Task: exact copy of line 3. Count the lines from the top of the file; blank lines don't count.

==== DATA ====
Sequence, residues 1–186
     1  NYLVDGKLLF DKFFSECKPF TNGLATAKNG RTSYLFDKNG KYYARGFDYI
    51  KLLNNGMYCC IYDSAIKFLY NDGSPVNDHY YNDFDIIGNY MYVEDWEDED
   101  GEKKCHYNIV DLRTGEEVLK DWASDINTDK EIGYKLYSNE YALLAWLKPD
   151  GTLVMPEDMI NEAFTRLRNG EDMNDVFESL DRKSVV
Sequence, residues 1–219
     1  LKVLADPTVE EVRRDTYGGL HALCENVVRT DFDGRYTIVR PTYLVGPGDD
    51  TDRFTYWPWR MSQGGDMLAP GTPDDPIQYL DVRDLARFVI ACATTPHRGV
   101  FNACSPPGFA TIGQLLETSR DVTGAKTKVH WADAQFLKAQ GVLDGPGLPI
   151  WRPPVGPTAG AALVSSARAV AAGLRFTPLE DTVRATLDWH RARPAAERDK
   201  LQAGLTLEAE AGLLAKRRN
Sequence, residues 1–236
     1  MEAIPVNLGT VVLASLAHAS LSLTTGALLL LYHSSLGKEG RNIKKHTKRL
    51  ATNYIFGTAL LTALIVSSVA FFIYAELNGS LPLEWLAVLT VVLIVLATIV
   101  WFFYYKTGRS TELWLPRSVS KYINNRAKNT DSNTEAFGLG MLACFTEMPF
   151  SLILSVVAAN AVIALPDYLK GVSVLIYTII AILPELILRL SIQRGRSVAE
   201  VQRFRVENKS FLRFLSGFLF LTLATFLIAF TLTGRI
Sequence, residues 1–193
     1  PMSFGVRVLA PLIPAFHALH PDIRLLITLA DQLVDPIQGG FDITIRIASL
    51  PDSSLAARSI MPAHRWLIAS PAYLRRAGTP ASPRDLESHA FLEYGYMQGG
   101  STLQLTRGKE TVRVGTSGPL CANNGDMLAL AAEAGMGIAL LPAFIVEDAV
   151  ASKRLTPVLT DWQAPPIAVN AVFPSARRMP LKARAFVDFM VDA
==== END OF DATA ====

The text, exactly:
    51  KLLNNGMYCC IYDSAIKFLY NDGSPVNDHY YNDFDIIGNY MYVEDWEDED